Lancashire dad tells of health battle after being diagnosed with life-threatening disease

David Stott
David Stott
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A Lancashire dad who was diagnosed with a life-threatening disease after struggling to breathe is calling for more understanding of the rare condition. He tells AASMA DAY how coping with things mentally as well as physically is a major part of the battle.

It was the week of a major high and a life changing low when David Scott discovered he was expecting his fourth child and diagnosed with a rare heart and lung disease within days of each other.

David Stott with his daughters after completing a 10km run for PHA UK.

David Stott with his daughters after completing a 10km run for PHA UK.

David, 40, who lives in Fulwood, Preston, has pulmonary hypertension, a life-limiting illness that causes high blood pressure in the blood vessels connecting the heart and lungs.

He is speaking out about his story following the results of a survey by the Pulmonary Hypertension Association (PHA UK), which shows pulmonary hypertension has a major impact on people’s quality of life.

In the same week David discovered his wife Kylie was pregnant with their fourth child, David, an operating theatre manager at Blackpool Victoria Hospital, was diagnosed with the condition. David had always been fit and healthy and exercised regularly playing football and running half-marathons.

But in 2012, he began finding exercising difficult and getting breathless when doing simple things like climbing the stairs or even talking.

It was very difficult. I know everyone dies eventually, but it’s very rare that you’re given a sell-by date.

Investigations revealed he had pulmonary arterial hypertension. David says: “I had never heard of pulmonary hypertension when I was diagnosed so I did what any 21st century boy would do and I asked Dr Google.

“And that’s when it all went black. Out of everything I’ve been through healthwise over the last four years, the memory of being told I had pulmonary hypertension is still the thing that haunts me.

“That same week I was diagnosed, I found out my wife was pregnant with our fourth child. Immediately, I wondered whether I would even see my baby being born.

“It was very difficult. I know everyone dies eventually, but it’s very rare that you’re given a sell-by date.”

Pulmonary hypertension is very rare, affecting just 7,000 out of 64 million people in the UK. The Living with PH Survey, which looked at all aspects of life with PH, discovered that emotional and mental wellbeing and relationships with family and friends are severely affected by the condition.

It also revealed that 48 per cent of patients waited over a year after first experiencing symptoms before being diagnosed and 40 per cent had to see four or more doctors.

David, who is treated at the Royal Hallamshire Hospital in Sheffield, says: “If anything, it’s the mental strain that I have suffered from more than the physical symptoms. It’s a draining condition that unless you look to get support for it has the potential to drag you down. The mental strain is the hardest part as things just creep up on you and I keep having bad memories of when I was first diagnosed.

“You are always conscious you are not the same as everyone else. When my daughter Lorien was born, seven months after I was diagnosed, she reminded me that life is never hopeless if you don’t lose hope. My children help me manage my condition by making me smile more than anything or anyone can – even when I don’t feel able to.”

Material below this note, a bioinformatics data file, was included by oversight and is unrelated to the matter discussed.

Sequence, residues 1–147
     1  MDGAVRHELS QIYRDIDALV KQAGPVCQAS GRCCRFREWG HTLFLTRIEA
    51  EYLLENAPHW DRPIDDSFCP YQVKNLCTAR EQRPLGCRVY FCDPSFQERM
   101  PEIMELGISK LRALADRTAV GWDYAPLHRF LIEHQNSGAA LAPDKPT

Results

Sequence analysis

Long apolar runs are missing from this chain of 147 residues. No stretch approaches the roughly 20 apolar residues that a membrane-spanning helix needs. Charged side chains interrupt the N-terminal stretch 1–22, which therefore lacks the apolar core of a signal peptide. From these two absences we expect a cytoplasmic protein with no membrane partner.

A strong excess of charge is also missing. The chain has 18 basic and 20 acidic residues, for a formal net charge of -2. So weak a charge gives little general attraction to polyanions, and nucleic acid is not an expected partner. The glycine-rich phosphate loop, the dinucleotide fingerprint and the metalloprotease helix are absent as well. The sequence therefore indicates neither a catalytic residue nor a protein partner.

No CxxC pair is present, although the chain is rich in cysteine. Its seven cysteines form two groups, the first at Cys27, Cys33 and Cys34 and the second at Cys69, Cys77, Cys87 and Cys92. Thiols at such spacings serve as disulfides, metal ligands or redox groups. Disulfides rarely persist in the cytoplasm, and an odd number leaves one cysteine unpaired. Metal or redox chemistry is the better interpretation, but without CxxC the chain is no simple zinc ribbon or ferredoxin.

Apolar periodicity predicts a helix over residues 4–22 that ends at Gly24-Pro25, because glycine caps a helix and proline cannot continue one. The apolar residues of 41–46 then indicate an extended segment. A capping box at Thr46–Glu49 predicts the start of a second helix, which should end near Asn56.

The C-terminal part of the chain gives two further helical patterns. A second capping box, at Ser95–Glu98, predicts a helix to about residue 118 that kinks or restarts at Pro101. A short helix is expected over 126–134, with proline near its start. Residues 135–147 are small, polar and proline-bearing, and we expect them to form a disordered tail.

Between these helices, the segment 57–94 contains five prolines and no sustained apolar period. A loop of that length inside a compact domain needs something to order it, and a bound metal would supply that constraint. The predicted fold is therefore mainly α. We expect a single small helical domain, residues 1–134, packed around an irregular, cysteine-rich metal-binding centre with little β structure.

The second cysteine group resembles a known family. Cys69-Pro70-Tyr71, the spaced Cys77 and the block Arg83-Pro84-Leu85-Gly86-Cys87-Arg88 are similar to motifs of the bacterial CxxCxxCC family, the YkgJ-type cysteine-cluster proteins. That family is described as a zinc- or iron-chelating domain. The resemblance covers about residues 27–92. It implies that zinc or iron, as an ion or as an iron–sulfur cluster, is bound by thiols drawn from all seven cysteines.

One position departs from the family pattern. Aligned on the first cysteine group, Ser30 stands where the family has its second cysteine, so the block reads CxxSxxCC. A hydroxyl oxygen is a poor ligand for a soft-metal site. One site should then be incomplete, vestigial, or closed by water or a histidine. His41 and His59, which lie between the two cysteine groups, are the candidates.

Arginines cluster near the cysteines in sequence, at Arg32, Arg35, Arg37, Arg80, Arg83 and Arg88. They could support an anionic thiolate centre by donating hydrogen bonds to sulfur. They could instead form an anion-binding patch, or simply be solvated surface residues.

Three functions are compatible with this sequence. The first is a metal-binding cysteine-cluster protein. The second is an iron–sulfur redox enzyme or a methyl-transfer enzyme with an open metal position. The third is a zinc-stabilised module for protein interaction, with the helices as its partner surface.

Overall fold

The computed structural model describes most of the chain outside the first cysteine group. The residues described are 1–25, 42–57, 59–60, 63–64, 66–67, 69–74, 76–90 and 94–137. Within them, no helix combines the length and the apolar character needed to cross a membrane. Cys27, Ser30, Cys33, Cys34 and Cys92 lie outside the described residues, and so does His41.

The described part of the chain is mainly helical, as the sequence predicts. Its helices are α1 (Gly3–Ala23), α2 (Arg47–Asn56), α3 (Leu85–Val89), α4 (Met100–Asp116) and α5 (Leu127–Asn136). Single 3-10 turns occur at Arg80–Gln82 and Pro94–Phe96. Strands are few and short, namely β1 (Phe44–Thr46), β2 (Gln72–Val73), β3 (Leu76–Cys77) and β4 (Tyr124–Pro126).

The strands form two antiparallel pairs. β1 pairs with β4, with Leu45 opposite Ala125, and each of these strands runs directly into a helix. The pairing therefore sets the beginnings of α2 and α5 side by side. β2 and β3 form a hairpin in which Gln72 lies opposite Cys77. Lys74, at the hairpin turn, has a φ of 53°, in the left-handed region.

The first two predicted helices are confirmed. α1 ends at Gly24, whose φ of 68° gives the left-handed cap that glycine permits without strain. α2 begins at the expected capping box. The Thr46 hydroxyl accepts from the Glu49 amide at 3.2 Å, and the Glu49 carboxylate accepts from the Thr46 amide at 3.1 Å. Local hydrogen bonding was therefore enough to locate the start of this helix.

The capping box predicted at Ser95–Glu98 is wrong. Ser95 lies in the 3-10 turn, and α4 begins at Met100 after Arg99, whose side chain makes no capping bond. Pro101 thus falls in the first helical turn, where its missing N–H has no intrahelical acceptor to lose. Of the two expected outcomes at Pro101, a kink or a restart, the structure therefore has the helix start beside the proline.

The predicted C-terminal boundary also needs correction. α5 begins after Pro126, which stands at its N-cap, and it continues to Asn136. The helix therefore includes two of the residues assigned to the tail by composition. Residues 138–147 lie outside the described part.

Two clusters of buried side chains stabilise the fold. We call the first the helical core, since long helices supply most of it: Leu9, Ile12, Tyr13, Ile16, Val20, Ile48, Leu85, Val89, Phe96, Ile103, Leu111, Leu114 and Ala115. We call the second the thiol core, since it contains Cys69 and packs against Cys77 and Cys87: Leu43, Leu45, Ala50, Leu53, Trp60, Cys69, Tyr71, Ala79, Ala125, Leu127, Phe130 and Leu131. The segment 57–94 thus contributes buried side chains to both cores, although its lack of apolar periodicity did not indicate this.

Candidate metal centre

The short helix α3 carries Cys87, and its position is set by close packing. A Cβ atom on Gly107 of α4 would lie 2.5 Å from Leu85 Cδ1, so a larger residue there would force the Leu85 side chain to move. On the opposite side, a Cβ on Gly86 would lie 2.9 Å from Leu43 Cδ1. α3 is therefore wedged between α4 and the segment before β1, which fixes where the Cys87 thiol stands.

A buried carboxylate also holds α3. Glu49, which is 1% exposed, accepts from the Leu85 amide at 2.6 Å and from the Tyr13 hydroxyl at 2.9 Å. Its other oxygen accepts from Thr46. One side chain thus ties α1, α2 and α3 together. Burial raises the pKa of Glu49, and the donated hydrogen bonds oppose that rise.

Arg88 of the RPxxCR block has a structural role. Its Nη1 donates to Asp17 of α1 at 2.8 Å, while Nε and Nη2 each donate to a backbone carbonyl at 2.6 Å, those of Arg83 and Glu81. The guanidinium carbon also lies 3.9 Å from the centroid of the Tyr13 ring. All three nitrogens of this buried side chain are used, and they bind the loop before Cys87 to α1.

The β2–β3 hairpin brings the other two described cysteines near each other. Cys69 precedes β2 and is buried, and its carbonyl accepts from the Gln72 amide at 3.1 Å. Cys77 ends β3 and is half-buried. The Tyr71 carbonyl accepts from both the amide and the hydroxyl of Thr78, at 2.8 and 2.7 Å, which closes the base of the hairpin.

David, who has daughters Abby, 14, Megan, 10, Matilda, six and Lorien, three, is doing really well and managing to exercise a lot, baffling doctors. He says: “Doctors are really pleased with my progress and I have levelled out. I am not getting any worse, but I am not going to get better either. It is all about trying to cope with everything mentally as well as physically. It is about making sure you get as much psychological support as you can. The support of my wife and my daughters has been invaluable.”

The survey revealed that concerns about life expectancy have the biggest impact on quality of life with over 50 per cent reporting a ‘major impact’. Almost two thirds (63 per cent) said that financial worries had an impact on their lives. The PHA UK is using the survey to campaign for public policy changes that will improve quality of life. Its programme, 
PHocus2021, is aiming to reduce the time to diagnosis, ensure access to treatments and reduce financial hardship.


• Symptoms of Pulmonary Hypertension typically involve breathlessness, fatigue, blackouts and swelling around the ankles, arms and stomach.

• Pulmonary Hypertension affects the ability to carry out basic tasks and get around.

• Adult patients with PH are treated at seven specialist centres across the UK and children with the disease are treated at Great Ormond Street Children’s Hospital in London.

• Thanks to a range of highly advanced treatments developed over the last 15 years, people with pulmonary hypertension have seen quality of life improve and life expectancy double to around six to seven years on average, with many living longer. But there is no cure. Some have heart and lung transplants.

• People can be born with PH or develop it at any time and it can affect anyone regardless of age or ethnic background. It affects more women than men.

• For more information about pulmonary hypertension, visit: www.phauk.org, call the PHA UK office on: 01709 761450 or e-mail: office@phauk.org.

• For more information about PHocus2021, visit: www.phocus2021.org.uk